Hi! My name is David Richardson. I’m an eye surgeon that specializes in cataract and glaucoma surgery.
The first video here is going to be on what I would call a holistic approach to glaucoma. Now, by holistic I don’t mean woowoo. I’m very much based in the scientific method when it comes to my recommendations for treating glaucoma. But I would say there’s a lot of misconceptions out there about glaucoma, both among patients and doctors. So by holistic, I really mean an overall approach– one that goes beyond just intraocular pressure. So shall we get driving?
So the first thing I’d like to talk about is the idea of pressure and glaucoma. Many people, including doctors, focus pretty much just on the pressure. The interesting thing is that the definition of glaucoma— if you look at certain references doesn’t even have intraocular pressure in it. And that’s because glaucoma is really a progressive optic neuropathy. That means they damage the optic nerve. It gets worse over time. Now it is pressure sensitive but pressure itself is only one of the components of glaucoma and we’re discovering that a major component is actually blood supply to the optic nerve.
There may be other issues as well such as types of mechanisms in the cellular level that result in destruction of the cells, oxidative damage…things like that. So when patients come to me for glaucoma treatment, I very much want to focus on not just the pressure but on these other very important things. And in particular point out how my patients can, themselves, address the many issues that are involved in glaucoma besides just pressure.
So what are those issues? Well, I mentioned blood supply. And it’s critically important that your cardiovascular health be good. So, for those with glaucoma or at risk of glaucoma:
- high blood pressure must be treated,
- sleep apnea must be treated,
- diabetes must be treated,
All of these things are critically important because if you’re not getting good blood supply to your optic nerve, it doesn’t matter what I recommend in terms of lowering the pressure because any tissue or organ in the body that’s not getting good blood supply just isn’t going to work very well and it’s going to be damaged over time.
So what kind of things can you do other than making sure that you’re being treated for these conditions. Well anything that’s good for cardiovascular health…so, proper diet—making sure that you’re getting regular aerobic exercise…things like that. Now with the actual treatment of intraocular pressure it’s important that you are choosing medications that are going to be not only pressure lowering medications but are not going to worsen other conditions that tend to be present in the eye of those with glaucoma. For example, many people who have glaucoma are also at the age where they’re getting dry eye and the eye drops that are used for glaucoma can worsen dry eye. So again before we get to pressure lowering, it’s important that you also treat the other conditions of the eye that could get worse with glaucoma treatment. And dry eye, in particular.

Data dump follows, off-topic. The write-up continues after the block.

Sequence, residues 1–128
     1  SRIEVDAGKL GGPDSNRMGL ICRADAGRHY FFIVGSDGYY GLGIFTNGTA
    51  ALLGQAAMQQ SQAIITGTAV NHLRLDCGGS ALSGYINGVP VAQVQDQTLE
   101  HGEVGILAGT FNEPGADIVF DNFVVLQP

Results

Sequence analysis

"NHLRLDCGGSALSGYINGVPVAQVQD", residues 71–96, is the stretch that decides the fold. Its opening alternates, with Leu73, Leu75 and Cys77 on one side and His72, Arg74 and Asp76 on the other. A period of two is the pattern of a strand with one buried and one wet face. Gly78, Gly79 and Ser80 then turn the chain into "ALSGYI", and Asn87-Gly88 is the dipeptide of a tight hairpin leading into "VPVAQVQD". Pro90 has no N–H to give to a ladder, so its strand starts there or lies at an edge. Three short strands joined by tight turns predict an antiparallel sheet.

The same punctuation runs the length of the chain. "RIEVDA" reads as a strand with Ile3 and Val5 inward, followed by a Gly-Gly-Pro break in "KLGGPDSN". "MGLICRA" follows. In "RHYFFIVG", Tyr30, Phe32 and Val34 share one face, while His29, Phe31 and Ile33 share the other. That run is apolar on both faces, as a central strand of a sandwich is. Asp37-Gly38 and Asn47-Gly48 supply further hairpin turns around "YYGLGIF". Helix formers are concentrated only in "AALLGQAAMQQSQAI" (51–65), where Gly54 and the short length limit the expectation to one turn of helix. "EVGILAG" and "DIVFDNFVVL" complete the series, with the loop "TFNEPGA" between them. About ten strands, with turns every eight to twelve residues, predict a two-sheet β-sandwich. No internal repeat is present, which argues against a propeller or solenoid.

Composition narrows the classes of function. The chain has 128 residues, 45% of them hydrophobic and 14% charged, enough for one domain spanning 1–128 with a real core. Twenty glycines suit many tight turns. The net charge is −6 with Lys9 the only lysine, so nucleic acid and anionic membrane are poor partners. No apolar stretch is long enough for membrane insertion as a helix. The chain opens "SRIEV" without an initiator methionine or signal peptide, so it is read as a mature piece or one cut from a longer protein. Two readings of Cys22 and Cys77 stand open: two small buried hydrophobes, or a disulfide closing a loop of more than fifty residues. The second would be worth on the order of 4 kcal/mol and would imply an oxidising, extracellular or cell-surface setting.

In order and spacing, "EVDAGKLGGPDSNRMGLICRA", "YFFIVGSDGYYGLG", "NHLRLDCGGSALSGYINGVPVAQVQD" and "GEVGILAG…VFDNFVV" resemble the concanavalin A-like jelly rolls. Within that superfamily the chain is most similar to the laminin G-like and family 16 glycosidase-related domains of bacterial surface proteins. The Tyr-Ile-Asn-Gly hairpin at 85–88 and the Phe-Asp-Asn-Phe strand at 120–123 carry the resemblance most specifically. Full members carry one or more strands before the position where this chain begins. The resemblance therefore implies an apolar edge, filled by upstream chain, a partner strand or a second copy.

So what what do I recommend for dry eye? well of course I recommend tear replacement therapy but preservative-free tear replacement therapy.
There is a preservative in many medications called Benzalkonium Chloride or BAK for short–present both in glaucoma medications as well as dry eye medications—so, artificial tears (although less so now in artificial tears…they’ve gotten away from using BAK). BAK is something that can actually worsen the condition of the ocular surface, make dry eye worse and, in particular, there’s evidence that with glaucoma (over time) it can actually damage the trabecular meshwork.
Now the trabecular meshwork is the drainage grate. It’s actually more than a grate there’s a pumping mechanism, there’s a feedback mechanism…(we can talk about that later on another drive perhaps but that’s if you’re not too annoyed by the glare that I’ve been annoyed by this particular drive). So, anyway, my point is that you want to avoid BAK, if you can because it can actually damage the drainage system in the eye. And if the drainage system in the eye is damaged then it’s likely that your pressure is going to go up. So that will work against any pressure lowering benefit that you’re getting from medications– laser surgery things like that.
Fortunately for me but unfortunately for these videos well maybe not depending on how much you’ve enjoyed or not enjoy this I have a really really good commute and I’m here at the office already. So I’m afraid we’re gonna have to continue this discussion about the holistic treatment of glaucoma as well as other discussions in the future, depending on how much you and I like doing this together all right well thanks for commuting with me and I hope you found this interesting and informative let me know if he did because I’m going to continue or not based on the kind of feedback that I’m getting from people.
Alright? Have a great day! Bye.
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David Richardson, MD
Medical Director, San Marino Eye
David Richardson, M.D. is recognized as one of the top cataract and glaucoma surgeons in the US and is among an elite group of glaucoma surgeons in the country performing the highly specialized canaloplasty procedure. Morever, Dr. Richardson is one of only a few surgeons in the greater Los Angeles area that performs MicroPulse P3™ "Cyclophotocoagulation" (MP3) glaucoma laser surgery. Dr. Richardson graduated Magna Cum Laude from the University of Southern California and earned his Medical Degree from Harvard Medical School. He completed his ophthalmology residency at the LAC+USC Medical Center/ Doheny Eye Institute. Dr. Richardson is also an Ambassador of Glaucoma Research Foundation.